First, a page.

OT…Trump once again silent about white terrorists. For him and his suppoeters it’s only about Muslims and Mexicans.
    http://www.kansascity.com/opinion/editorials/article135323049.html
    Remember – he was also silent about the Quebec City Mosque attacks.

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  112. Pete S says:

    @KM: I think it depends on the individuals’ end goals from voting for Trump. There are some people who seem to think that all that mattered was the election. They managed to foist their guy on a populace who clearly didn’t want him. Now they are basking in their glory. What Trump does or doesn’t do, doesn’t matter. They won. Trump spent the last two years telling them that they have been doing nothing but losing, so the win feels good. This is it. That is why you see so many of them referring back to the election.

    For people who expected some actual, tangible results from Trump, they will be disappointed. But I don’t see them looking down in any way on the continuing Trump supporters until they vote for him again (and they will) even though he is working as hard as he can with Congress to hurt their interests.

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  113. Surreal American says:

    @al-Alameda:

    That’s a generous assessment from you. Ryan’s comments are late elementary school material at best.

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  114. Pch101 says:

    Trump is a sort of Tony Robbins for the Dunning-Kruger crowd. He helps dumb people to feel better about themselves.

    That aspect of Trump will appeal strongly to “Ryan” and his low IQ friends. But those lemmings have always comprised some segment of the electorate and are not the essence of the problem.

    The greater issue is that there are Republicans who vote for him again because he is the Republican and/or he isn’t the Democrat. No matter how bad he gets, they will still vote for him.

    We’re back to the same problem as before: Democrats need to get out the vote among members of their own party, plus win over a few more percentage points of independents. You cannot expect disgruntled Republicans to step up in numbers that are large enough to matter; they are sure to disappoint you and will rationalize the decision to remain loyal to the party.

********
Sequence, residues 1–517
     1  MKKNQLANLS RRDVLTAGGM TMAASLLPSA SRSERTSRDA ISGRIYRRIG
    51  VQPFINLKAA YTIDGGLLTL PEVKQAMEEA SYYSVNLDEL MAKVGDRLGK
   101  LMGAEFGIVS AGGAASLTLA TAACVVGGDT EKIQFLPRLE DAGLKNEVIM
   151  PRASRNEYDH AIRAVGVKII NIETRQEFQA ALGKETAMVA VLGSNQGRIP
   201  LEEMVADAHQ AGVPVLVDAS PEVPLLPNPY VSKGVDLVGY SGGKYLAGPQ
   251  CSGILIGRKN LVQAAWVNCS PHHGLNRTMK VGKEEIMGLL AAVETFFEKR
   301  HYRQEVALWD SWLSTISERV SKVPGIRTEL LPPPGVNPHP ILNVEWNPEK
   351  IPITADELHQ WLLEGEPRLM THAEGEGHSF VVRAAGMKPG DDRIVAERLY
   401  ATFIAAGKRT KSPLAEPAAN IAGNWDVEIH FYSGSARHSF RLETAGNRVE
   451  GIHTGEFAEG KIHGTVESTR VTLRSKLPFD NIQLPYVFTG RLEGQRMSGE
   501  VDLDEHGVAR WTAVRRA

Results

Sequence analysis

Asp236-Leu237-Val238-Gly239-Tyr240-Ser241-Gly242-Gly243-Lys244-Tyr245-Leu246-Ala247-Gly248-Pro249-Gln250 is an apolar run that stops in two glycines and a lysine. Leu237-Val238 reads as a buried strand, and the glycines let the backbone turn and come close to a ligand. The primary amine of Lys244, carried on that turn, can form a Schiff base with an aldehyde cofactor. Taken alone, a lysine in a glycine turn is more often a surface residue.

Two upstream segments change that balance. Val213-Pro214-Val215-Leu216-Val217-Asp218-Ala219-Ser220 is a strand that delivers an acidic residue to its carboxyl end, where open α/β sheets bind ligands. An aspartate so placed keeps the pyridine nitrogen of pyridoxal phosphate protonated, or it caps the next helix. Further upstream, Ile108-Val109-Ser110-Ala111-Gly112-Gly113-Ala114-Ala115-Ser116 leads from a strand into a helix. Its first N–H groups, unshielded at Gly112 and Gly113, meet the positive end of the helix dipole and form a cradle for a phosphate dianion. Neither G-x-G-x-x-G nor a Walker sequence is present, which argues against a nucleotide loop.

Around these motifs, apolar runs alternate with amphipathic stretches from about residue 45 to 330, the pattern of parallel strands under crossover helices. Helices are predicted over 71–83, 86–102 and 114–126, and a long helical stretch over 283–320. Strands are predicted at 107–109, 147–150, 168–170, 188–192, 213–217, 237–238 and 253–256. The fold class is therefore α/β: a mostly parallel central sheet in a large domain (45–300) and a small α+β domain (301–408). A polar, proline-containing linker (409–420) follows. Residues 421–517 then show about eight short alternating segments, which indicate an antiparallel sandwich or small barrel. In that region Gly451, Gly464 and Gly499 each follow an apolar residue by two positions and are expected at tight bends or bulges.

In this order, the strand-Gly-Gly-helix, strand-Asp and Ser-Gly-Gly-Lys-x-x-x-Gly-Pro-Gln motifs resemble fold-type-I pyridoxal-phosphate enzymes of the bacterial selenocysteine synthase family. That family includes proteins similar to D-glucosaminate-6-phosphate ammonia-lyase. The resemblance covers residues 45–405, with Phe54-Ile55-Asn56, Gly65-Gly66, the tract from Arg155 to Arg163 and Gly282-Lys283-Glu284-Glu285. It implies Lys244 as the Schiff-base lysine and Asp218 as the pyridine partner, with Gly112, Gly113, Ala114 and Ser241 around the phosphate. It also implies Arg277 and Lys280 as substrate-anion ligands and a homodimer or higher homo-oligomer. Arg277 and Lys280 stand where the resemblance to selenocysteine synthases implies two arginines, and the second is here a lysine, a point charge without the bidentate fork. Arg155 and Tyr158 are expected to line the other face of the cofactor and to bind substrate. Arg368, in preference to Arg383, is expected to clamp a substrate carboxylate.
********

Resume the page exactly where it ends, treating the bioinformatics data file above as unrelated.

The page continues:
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  115. Just 'nutha ig'nint cracker says:

    he’s now one of those Republicans for whom the harder Democrats push back against Trump, the firmer his resolve to support him gets.

    Which, hamfisted though he may be, might be what James Pierce is referring to when he suggests that indignation about Trump may feel good but be ineffective for getting the changes you want. Forgive me for going off topic.

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  116. grumpy realist says:

    @Pch101: This all reminds me of how a part of the Urals ended up radioactive….

    “Revealed Truth” doesn’t convince Mama Nature. And she is a MEAN bitch.

    So Trumpie and his Lumpenproletariat can whine all they want about “fake news” and “alternative facts” and drive the US into more and more chaos, all the time patting themselves on the back about how WONDERFUL they are and how it’s just All Those Nasty Liberals who are pointing out the consequences of going down the path they are going.

    At some point, reality is going to bite. Hard. With the end result that China will be top dog, the US will have collapsed into a collection of bickering territories, and we won’t be the place in the world that those who want to go for the top research and education or entrepreneurial capabilities will go. And the whining of the alt-right will be immense.

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  117. Mr. Bluster says:

    @David M:..Manning…Why are you OK with the Executive Orders from Trump, but not Obama?

    His avatar shows one side of his face. Apparently he has two.

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  118. Pch101 says:

    Trump’s assessment of his own performance thus far:

    I think I’ve done great things, but I don’t think I have — I and my people — I don’t think we’ve explained it well enough to the American public. I think I get an A in terms of what I’ve actually done, but in terms of messaging, I’d give myself a C or a C-plus.

    I’d give him an F-minus for self-awareness, but that would be too high of a grade.

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  119. mannning says:

    @Mr. Bluster: